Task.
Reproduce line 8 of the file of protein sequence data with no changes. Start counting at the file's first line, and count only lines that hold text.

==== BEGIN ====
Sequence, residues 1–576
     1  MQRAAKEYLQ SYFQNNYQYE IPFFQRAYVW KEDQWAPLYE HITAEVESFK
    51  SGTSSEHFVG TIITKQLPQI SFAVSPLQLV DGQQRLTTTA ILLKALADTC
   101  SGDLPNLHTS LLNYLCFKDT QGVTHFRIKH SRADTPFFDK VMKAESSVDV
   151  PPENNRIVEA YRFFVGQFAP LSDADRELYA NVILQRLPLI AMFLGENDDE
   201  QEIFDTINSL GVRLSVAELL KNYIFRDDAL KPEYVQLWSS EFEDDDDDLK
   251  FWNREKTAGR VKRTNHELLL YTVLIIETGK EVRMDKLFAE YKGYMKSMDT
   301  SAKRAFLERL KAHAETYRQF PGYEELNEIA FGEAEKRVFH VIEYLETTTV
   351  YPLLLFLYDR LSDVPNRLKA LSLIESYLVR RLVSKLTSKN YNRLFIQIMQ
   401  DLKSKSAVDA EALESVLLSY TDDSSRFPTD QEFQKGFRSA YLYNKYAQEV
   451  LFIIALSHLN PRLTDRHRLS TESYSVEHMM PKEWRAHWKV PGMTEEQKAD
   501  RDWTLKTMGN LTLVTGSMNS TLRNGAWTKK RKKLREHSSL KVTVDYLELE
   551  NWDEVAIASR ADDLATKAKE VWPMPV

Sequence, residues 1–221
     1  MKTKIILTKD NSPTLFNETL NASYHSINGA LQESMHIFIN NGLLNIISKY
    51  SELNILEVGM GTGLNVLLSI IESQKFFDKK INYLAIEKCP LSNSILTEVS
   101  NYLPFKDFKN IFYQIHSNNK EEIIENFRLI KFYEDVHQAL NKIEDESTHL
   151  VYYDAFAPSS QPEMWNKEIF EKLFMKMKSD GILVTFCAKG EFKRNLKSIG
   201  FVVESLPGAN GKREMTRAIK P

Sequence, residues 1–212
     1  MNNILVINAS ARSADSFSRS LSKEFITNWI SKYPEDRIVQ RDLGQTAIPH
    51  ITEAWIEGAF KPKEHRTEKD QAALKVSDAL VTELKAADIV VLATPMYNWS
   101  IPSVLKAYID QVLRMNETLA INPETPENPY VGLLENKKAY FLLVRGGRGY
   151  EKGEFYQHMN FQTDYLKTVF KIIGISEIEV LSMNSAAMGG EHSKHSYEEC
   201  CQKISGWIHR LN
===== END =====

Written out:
   301  SAKRAFLERL KAHAETYRQF PGYEELNEIA FGEAEKRVFH VIEYLETTTV